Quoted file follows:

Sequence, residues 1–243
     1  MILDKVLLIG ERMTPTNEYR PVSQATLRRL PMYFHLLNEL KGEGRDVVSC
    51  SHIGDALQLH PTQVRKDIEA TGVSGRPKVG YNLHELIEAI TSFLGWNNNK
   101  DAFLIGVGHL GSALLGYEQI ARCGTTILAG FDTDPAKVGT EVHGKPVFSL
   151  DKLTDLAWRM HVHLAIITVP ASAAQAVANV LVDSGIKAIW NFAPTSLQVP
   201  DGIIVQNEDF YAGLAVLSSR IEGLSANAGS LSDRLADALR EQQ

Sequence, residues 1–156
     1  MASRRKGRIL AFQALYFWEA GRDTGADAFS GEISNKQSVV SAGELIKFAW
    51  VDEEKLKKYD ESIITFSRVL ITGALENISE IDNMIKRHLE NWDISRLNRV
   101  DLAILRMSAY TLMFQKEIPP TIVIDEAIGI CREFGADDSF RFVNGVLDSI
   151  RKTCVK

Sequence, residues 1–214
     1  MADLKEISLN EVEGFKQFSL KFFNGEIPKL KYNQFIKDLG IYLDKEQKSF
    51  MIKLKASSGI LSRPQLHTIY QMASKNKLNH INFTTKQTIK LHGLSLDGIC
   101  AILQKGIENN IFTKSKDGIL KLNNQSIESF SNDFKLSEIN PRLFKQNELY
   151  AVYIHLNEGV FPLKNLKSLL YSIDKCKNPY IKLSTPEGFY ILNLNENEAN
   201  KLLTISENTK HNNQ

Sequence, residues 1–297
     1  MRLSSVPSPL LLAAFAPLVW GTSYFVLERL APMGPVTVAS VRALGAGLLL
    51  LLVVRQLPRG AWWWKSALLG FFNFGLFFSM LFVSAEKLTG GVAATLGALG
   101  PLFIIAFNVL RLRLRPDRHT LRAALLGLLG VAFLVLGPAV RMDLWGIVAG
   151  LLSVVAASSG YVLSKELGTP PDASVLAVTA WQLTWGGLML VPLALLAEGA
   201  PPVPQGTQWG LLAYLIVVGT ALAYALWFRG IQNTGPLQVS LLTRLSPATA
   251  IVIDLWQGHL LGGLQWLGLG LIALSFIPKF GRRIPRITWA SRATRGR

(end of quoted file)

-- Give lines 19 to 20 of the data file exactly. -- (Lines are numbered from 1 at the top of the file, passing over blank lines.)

     1  MRLSSVPSPL LLAAFAPLVW GTSYFVLERL APMGPVTVAS VRALGAGLLL
    51  LLVVRQLPRG AWWWKSALLG FFNFGLFFSM LFVSAEKLTG GVAATLGALG